Malaysian banks' profits to recover faster than SEA peers: Moody's
Compared to regional peers, Malaysia’s biggest lenders have the smallest share of loans under relief programs.
Malaysia’s largest banks are expected to restore their profitability faster than their regional peers, thanks to the resilience of their asset quality amidst the coronavirus-induced economic disruption, reports Moody’s Investors Service.
"Despite the economic shock triggered by the pandemic, the asset quality of the largest Malaysian banks has remained sound, thanks to their greater focus on retail loans that are largely secured, well-regulated and supported by ample financial assets," said Tengfu Li, a Moody's analyst.
This resiliency, along with their strong capital and liquidity buffers, will enable Malaysian banks to restore profitability faster than their regional peers, Li added.
Compared to regional peers in Indonesia, the Philippines, and Thailand, Malaysia’s biggest lenders have the smallest share of loans under regulatory relief programs—most of which are collateralized mortgages and auto loans.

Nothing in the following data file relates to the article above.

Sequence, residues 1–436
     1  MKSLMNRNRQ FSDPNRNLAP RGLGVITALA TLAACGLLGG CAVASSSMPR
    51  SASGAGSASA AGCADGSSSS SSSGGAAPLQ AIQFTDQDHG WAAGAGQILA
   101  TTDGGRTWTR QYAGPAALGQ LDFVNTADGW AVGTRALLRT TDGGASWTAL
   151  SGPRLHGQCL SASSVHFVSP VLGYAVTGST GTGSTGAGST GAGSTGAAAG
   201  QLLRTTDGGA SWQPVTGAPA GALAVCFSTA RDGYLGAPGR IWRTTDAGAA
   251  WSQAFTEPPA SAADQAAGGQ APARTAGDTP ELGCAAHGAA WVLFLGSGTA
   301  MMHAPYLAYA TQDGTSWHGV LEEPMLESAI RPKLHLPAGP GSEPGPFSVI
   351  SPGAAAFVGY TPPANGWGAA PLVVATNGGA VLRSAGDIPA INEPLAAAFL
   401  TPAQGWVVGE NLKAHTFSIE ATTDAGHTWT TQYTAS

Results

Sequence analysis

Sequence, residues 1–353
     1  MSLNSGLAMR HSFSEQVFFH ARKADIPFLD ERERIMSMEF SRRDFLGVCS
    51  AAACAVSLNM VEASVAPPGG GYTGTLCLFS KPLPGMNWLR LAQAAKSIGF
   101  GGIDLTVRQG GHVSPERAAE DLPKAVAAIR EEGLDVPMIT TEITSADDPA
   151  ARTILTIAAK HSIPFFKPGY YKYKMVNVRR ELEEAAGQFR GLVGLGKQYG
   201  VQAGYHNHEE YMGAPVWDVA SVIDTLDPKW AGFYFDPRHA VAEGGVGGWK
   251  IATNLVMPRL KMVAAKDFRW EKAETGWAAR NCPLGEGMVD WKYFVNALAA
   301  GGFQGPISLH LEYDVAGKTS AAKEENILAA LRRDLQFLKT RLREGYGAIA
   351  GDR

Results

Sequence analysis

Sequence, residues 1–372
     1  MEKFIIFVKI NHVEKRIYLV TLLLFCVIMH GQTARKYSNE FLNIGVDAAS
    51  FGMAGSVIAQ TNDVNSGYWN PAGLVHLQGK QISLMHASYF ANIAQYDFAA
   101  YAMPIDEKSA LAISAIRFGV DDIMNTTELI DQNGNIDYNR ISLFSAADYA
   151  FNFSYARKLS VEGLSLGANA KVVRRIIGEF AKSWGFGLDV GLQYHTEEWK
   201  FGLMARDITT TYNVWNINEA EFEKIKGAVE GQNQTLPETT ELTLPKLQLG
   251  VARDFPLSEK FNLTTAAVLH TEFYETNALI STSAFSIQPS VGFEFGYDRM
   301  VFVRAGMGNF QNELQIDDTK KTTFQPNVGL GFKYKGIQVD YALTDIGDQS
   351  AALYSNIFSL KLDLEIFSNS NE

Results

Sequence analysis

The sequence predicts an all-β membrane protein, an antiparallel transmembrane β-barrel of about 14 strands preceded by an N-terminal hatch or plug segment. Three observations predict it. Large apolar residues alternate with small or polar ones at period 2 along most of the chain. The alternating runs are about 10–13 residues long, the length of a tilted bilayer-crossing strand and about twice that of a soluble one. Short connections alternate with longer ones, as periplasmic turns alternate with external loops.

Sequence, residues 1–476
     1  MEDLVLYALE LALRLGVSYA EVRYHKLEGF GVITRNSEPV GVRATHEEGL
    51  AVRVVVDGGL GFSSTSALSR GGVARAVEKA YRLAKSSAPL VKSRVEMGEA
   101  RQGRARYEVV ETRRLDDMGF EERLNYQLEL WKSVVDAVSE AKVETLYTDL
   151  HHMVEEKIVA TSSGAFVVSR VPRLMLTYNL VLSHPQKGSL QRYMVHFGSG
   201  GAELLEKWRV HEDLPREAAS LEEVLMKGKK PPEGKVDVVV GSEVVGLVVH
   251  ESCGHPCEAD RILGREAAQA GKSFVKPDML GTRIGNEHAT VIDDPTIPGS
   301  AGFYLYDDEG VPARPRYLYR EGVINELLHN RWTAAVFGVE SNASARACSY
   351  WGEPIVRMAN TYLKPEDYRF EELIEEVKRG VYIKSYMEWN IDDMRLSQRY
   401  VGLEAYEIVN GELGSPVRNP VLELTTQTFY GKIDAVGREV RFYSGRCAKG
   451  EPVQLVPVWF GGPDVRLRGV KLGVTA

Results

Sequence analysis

In contrast, loans covered by regulatory support measures in the other countries are those predominantly exposed to businesses that took a direct cash flow hit and have not provided collaterals that are as liquid, Li noted.
“This stronger asset quality will help Malaysian banks restore profitability faster than their peers, as their relatively lower asset risk will save them the need to keep provisions as high as their peers,” Moody’s noted in a report. “Moreover, the banks' capital and liquidity buffers – though not as high as those of their peers – are still strong and enough to cover any potential financial stress.”
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